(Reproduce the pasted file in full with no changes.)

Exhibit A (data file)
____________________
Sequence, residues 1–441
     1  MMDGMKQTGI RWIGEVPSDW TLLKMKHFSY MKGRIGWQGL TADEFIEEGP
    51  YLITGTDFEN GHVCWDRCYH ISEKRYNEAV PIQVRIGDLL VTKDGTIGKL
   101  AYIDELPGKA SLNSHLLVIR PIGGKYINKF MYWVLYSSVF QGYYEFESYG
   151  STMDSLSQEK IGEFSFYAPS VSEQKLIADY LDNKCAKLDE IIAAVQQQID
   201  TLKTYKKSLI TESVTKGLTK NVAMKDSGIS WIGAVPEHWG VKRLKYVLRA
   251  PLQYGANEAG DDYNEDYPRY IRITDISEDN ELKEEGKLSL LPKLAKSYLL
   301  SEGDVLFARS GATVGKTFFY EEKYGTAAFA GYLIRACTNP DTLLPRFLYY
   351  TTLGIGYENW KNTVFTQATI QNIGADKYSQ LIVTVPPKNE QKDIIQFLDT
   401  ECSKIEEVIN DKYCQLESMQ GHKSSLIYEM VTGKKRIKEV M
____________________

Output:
Sequence, residues 1–441
     1  MMDGMKQTGI RWIGEVPSDW TLLKMKHFSY MKGRIGWQGL TADEFIEEGP
    51  YLITGTDFEN GHVCWDRCYH ISEKRYNEAV PIQVRIGDLL VTKDGTIGKL
   101  AYIDELPGKA SLNSHLLVIR PIGGKYINKF MYWVLYSSVF QGYYEFESYG
   151  STMDSLSQEK IGEFSFYAPS VSEQKLIADY LDNKCAKLDE IIAAVQQQID
   201  TLKTYKKSLI TESVTKGLTK NVAMKDSGIS WIGAVPEHWG VKRLKYVLRA
   251  PLQYGANEAG DDYNEDYPRY IRITDISEDN ELKEEGKLSL LPKLAKSYLL
   301  SEGDVLFARS GATVGKTFFY EEKYGTAAFA GYLIRACTNP DTLLPRFLYY
   351  TTLGIGYENW KNTVFTQATI QNIGADKYSQ LIVTVPPKNE QKDIIQFLDT
   401  ECSKIEEVIN DKYCQLESMQ GHKSSLIYEM VTGKKRIKEV M